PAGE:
What do reducing requirements for commercial space post-COVID mean for our city centres? Whether this is successfully managed will depend on local planning policy as well as the legal framework

Step back a year, and who could have foreseen how COVID-19 would impact on society and the economy, including how and where people live and work? Scotland’s city and town centres, which continue to see significant commercial and residential investment in developments like Haymarket and St James in Edinburgh and Osborne+Co’s office development on Argyle Street in Glasgow, have not been immune from this shift.

Consequently, it is prudent to consider the extent to which the pandemic, and by association, demand for homeworking, will impact temporarily or permanently on how developers, investors, landlords and planning authorities view the inner city landscape.

Agents of change

There is much to consider in terms of how Scotland’s planning system could react to the current (December 2020) and predicted decrease in inner city office and retail footfall.

According to the Fraser of Allander Institute (Scottish Business Monitor), which surveyed 500 companies, over 25% expect to reduce office space permanently. It’s a sobering statistic, and one that may also reflect an anticipated rise in unemployment among Scotland’s traditionally office-based professions. It also underlines that some form of home based working is here to stay.

The pandemic aside, other agents of change will continue to influence significantly the shape of the inner city landscape. With Scotland declaring a climate emergency (April 2019), hosting COP26, and announcing a target to be carbon net zero by 2045, there has never been a greater focus on the environment and identifying sustainable ways to live, work, and travel. Notably, the UK Government has signalled its commitment to ban all new petrol and diesel cars in the UK by 2030. With some local authorities already taking steps to create a more pedestrian and cycle friendly environment, there are already signs of a shift in terms of how society will function.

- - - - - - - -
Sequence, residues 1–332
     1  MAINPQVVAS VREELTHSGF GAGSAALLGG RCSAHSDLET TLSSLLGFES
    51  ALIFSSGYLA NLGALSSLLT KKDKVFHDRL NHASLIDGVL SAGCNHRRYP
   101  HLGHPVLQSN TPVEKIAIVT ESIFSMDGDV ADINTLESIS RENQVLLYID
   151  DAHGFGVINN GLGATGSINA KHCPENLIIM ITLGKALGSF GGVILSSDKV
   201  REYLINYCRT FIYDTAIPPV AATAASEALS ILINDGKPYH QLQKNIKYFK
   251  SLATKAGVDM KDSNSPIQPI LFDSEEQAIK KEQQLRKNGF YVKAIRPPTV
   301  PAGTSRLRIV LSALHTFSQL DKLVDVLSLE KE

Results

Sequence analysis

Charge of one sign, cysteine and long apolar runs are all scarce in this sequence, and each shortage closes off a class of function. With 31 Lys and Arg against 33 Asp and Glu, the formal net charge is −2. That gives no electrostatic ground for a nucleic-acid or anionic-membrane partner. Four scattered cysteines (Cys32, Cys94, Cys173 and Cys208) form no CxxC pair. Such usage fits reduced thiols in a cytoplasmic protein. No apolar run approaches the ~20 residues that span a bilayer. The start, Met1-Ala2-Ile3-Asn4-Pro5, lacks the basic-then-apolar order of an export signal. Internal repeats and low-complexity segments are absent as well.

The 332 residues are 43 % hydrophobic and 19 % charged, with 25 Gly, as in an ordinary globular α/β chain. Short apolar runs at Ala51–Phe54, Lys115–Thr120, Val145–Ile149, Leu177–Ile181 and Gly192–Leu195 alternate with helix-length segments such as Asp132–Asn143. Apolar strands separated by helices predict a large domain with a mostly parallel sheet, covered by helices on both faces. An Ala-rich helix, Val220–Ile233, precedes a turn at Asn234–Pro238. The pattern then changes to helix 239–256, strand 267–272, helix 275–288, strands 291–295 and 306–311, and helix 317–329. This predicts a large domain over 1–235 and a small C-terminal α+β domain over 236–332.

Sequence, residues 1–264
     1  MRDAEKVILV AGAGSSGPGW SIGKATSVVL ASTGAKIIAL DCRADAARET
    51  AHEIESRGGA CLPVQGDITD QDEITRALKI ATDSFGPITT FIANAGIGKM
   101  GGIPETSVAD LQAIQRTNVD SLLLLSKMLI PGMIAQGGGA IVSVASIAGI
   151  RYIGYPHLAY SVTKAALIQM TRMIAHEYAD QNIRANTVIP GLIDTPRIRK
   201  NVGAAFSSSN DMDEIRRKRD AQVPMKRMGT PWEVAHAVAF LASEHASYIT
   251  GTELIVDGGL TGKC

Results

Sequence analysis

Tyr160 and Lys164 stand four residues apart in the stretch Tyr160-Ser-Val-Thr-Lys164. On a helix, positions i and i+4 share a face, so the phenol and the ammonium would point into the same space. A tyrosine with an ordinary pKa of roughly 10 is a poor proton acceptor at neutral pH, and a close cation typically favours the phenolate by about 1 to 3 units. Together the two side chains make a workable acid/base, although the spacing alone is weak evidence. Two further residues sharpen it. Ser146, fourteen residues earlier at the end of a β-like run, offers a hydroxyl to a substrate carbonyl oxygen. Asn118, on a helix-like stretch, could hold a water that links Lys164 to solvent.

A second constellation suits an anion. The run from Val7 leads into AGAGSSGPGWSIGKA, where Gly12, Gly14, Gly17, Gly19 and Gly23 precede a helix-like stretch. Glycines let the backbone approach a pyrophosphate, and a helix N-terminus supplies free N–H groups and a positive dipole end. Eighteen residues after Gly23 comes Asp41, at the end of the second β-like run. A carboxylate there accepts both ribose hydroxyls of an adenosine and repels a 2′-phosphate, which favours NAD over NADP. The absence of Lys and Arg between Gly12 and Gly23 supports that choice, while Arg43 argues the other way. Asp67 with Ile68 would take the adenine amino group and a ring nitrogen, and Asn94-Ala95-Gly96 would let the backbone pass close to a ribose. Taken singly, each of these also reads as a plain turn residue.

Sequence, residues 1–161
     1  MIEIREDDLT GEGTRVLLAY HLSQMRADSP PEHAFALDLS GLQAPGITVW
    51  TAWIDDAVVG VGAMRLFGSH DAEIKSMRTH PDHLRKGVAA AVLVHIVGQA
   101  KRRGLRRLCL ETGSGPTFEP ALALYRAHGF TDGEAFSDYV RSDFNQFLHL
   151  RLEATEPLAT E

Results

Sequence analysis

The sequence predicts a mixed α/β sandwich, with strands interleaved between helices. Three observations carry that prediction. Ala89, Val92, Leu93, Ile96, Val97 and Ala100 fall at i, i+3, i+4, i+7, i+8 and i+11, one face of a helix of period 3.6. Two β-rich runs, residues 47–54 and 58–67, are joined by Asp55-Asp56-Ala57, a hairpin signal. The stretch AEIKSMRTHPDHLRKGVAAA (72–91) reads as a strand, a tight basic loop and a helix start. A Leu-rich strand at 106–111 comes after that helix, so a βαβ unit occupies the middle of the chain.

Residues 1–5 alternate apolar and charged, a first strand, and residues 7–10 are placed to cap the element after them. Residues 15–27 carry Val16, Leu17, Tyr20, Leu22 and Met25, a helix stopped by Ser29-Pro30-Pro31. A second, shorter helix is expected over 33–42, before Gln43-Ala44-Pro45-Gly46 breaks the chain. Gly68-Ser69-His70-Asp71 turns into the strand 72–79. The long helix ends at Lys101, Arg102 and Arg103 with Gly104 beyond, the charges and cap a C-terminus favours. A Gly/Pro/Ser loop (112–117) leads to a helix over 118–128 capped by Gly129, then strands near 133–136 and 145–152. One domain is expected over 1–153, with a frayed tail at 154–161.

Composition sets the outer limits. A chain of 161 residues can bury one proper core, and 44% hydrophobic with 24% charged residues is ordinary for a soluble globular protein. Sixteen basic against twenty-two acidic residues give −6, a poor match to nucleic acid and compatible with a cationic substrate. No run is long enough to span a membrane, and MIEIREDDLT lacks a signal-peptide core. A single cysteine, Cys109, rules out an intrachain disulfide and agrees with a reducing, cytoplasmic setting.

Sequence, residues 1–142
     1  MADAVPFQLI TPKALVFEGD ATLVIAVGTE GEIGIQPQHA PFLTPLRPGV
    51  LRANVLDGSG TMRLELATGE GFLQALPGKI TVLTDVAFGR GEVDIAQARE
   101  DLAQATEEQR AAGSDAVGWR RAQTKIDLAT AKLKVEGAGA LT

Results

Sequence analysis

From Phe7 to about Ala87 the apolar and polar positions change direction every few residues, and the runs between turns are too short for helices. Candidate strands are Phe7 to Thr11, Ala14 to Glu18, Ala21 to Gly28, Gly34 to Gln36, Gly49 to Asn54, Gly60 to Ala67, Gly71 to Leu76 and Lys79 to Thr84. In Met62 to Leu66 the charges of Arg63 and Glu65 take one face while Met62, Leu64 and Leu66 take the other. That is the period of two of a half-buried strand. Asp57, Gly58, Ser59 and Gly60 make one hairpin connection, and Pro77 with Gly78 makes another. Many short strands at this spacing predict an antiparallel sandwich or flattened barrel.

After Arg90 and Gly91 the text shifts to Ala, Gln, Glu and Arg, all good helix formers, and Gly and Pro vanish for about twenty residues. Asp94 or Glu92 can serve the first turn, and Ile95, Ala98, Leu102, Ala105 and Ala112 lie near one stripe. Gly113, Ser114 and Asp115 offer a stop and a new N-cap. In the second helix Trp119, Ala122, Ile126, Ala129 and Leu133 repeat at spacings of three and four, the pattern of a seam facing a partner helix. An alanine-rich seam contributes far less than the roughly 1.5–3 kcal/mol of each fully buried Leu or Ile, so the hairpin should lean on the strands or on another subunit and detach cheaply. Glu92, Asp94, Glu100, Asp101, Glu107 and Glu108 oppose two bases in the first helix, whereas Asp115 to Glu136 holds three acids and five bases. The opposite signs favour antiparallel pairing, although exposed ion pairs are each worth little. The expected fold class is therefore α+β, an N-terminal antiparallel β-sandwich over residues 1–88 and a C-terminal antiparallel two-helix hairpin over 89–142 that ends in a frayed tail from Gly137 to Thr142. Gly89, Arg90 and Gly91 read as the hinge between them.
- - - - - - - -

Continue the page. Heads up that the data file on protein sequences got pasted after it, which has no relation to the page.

Moreover, city and town centres also continue to deal with the changing nature of retail. The rise in online shopping, fuelled in part by restrictions on movement imposed during the pandemic, has adversely impacted the high street and notable traditional high street names.

In this complex picture of policy, planning, legal, economic and social change, we must also consider the stark fact that just as Government seeks to alleviate a chronic shortage of housing, there are also constraints on supply of land. These too are factors in shifting the dial in how town and city centres are planned.

Undoubtedly, these factors will all greatly influence change within our inner city landscapes. However, to understand why they present both challenges and opportunities in a planning context, it is important to recall the traditional process by which major commercial and residential space in our cities is created.

The current planning landscape

Central to any development progressing is the legislation that applies in Scotland. Planning applications are subject to the “s 25 assessment”, meaning they should be determined in accordance with the policies of the local development plan, unless material considerations indicate otherwise. Notably, any proposal is more likely to secure planning approval if it has policy support.